Aircraft manufacturer Boeing’s (BA: Charts, News) suffered a major setback this month, after safety concerns arose regarding its flagship 787 Dreamliner aircraft. The revolutionary, next-generation 787s are manufactured from lightweight composite materials and re-engineered electrical systems, which allow them to be 15-20% more fuel efficient than older aircraft. In these days of unstable gas prices – which often force airlines to hedge futures just to maintain a stable financial outlook – the Dreamliner was the dream aircraft that many airlines had been waiting for. Before the first Dreamliner even took off in 2011, Boeing had a backlog of 753 orders to fill – a record demand for a new aircraft.
Boeing’s Dreamliner headaches started earlier this month, when a problem with a lithium-ion battery forced an All Nippon Airways flight to make an emergency landing at Takamatsu airport. Later, another battery caught fire in a parked Japan Airlines’ flight at Boston Logan International Airport. Initial tests showed that the battery was not overcharged and was properly maintained.
These incidents forced Japan’s transport ministry and the U.S. Federal Aviation Administration to ground all 50 787 Dreamliners until a joint probe can thoroughly investigate the company that manufactures the Dreamliners’ lithium-ion batteries, GS Yuasa Corp. The investigation officially commenced this Monday. Some of Boeing’s critics have claimed that the troubles were caused by the outsourcing of 70% of the plane’s parts to cut expenses, which caused incongruities in design and execution.
Although analysts don’t expect Boeing’s stock to take much of a long-term hit from the Dreamliner fiasco, several airline companies, dependent on the Dreamliner to revive their lagging fortunes, could suffer greatly. Fort Worth-based American Airlines, which is currently bankrupt, is counting on adding the Dreamliner to its fleet by 2014 as part of its turnaround efforts. American has since ordered 42 Dreamliners.
Boeing’s current problems also represent an opportunity for its primary competitor Airbus, which has since released a larger aircraft, the A380. With the A380, Airbus opted for a larger size over fuel efficiency, believing that it could make up for the extra fuel costs by carrying more passengers. Airbus received 257 orders for the A380 since its release, but only 92 orders have been filled.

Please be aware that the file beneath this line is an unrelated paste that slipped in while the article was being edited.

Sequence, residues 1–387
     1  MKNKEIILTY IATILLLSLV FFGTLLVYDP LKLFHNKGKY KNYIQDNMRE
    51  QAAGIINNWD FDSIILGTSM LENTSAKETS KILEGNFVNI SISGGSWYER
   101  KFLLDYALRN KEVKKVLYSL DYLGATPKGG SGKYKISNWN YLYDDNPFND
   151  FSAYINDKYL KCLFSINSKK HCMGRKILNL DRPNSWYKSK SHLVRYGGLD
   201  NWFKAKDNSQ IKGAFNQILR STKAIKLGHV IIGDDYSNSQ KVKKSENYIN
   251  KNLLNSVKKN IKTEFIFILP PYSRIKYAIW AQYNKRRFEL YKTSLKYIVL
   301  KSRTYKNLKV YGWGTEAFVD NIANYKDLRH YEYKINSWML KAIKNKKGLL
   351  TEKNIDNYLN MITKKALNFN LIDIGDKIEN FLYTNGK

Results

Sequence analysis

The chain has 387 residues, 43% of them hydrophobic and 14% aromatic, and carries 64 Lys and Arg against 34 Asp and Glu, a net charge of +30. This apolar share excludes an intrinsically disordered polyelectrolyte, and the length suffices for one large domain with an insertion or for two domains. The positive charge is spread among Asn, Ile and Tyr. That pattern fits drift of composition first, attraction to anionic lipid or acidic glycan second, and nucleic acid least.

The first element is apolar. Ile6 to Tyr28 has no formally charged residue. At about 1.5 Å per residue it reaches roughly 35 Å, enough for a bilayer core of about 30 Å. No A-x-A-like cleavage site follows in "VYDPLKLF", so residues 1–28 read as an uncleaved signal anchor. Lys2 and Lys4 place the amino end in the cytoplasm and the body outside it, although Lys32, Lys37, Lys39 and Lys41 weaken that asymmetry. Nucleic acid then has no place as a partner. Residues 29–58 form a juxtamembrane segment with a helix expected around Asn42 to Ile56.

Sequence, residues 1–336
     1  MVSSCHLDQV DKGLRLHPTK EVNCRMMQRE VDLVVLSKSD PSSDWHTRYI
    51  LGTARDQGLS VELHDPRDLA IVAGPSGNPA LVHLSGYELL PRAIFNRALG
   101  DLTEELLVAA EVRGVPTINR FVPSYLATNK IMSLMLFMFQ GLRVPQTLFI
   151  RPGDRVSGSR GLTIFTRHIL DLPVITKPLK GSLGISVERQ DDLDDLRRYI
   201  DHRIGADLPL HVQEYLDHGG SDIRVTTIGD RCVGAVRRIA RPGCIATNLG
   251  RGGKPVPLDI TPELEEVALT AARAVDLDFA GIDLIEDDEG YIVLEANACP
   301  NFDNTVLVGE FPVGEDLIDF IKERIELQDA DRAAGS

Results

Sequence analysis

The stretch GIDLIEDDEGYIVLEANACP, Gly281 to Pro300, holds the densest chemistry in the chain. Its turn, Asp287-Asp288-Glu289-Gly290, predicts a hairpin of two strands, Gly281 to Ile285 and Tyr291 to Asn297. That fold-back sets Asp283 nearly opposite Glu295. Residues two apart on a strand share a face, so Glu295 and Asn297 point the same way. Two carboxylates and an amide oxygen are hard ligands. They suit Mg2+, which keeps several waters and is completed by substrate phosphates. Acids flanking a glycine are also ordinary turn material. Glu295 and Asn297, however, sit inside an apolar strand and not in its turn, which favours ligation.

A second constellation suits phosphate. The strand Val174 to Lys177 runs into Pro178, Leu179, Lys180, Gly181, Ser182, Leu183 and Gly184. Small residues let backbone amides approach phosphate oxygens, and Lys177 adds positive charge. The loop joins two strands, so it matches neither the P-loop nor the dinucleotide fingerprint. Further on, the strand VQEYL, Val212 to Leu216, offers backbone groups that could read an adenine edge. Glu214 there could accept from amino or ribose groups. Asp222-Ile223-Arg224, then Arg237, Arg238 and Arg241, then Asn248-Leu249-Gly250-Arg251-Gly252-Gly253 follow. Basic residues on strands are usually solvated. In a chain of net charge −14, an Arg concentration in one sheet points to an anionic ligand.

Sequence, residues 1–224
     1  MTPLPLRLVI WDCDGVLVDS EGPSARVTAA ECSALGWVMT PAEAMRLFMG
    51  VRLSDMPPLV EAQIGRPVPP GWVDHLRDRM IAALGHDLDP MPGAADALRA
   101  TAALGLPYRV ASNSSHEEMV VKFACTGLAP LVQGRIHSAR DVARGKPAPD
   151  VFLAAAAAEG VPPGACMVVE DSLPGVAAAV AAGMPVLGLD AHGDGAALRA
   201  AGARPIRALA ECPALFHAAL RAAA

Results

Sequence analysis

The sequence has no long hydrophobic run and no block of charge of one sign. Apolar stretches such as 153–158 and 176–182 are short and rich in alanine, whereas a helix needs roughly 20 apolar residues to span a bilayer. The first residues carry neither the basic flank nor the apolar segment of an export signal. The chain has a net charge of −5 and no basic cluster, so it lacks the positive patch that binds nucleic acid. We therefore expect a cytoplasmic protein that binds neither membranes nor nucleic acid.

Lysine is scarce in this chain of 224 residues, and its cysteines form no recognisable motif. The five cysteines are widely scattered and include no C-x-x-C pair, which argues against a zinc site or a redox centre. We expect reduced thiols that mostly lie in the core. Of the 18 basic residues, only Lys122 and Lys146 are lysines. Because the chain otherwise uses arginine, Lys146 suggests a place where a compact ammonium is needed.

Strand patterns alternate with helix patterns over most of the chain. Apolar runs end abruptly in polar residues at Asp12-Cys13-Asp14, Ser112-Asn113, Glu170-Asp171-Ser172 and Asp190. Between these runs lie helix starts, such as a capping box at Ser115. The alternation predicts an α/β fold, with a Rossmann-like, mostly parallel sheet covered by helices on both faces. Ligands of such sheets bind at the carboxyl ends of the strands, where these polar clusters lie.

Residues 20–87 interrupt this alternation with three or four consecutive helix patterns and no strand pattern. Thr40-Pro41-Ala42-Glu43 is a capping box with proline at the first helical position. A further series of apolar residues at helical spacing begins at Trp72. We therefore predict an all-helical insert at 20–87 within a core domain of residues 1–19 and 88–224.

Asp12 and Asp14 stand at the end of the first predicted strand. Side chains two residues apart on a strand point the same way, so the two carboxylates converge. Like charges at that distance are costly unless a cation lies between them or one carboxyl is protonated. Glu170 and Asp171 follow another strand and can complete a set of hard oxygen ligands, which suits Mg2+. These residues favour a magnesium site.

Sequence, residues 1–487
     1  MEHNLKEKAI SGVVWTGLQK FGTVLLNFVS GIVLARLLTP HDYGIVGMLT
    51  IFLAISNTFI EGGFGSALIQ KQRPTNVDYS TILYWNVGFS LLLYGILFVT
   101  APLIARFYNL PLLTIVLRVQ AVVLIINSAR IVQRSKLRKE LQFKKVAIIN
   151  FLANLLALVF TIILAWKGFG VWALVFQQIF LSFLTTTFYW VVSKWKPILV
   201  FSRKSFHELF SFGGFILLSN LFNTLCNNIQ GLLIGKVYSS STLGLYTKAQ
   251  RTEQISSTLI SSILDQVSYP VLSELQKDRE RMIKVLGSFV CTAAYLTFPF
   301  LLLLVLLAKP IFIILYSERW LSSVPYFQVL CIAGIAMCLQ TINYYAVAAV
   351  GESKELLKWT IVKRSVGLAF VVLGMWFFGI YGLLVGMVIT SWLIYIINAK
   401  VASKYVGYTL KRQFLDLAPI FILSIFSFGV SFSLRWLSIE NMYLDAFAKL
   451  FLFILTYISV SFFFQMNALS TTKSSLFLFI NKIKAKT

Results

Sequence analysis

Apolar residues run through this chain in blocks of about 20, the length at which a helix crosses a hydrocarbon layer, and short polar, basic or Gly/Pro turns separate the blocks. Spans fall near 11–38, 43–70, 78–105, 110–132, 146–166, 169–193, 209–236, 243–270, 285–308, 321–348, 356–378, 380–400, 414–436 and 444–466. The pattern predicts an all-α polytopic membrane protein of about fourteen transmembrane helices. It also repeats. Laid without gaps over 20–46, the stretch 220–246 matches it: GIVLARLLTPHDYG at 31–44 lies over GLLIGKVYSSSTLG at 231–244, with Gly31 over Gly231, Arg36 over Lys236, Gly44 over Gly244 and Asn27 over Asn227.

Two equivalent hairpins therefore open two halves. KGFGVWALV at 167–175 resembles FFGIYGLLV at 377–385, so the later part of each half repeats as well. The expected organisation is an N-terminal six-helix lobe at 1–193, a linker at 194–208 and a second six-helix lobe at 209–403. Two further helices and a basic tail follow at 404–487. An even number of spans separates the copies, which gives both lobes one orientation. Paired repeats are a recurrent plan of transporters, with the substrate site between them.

Airbus, a subsidiary of EADS (European Aeronautic Defense and Space) (EADSY: Charts, News) has fallen behind Boeing in the number of passenger jets sold over the past five years. Boeing has sold 1,203 jets, compared to Airbus’ 833. In commercial aircraft, Airbus has also lagged Boeing for the past ten years, selling 588 compared to Boeing’s 601. Looking forward, Airbus intends to sell 700 passenger jets this year to pull back ahead of Boeing.
Over the past twelve months, shares of Boeing have gone nowhere, dipping a mere 0.64%. Over the past five years, shares have slid 4.29%. The reason for this stagnation was the long initial wait for the Dreamliner, which was delayed repeatedly due to several mechanical failures. When the Dreamliner finally took off in 2011, Boeing shareholders breathed a sigh of relief. Unfortunately, it looks like shareholders are going to have to wait again.
Boeing trades at 14.6 times forward earnings with a 5-year PEG ratio of 1.25. The stock pays a quarterly dividend of 49 cents per share – a 2.49% yield at current prices.
Other News About BA
Despite Boeing 787 Problems, Company Retakes Top In Sales
Boeing continues to dominate Airbus.
Investigators Look at Battery Problem in Grounded 787s
A joint probe officially starts into Boeing’s Dreamliner problems.
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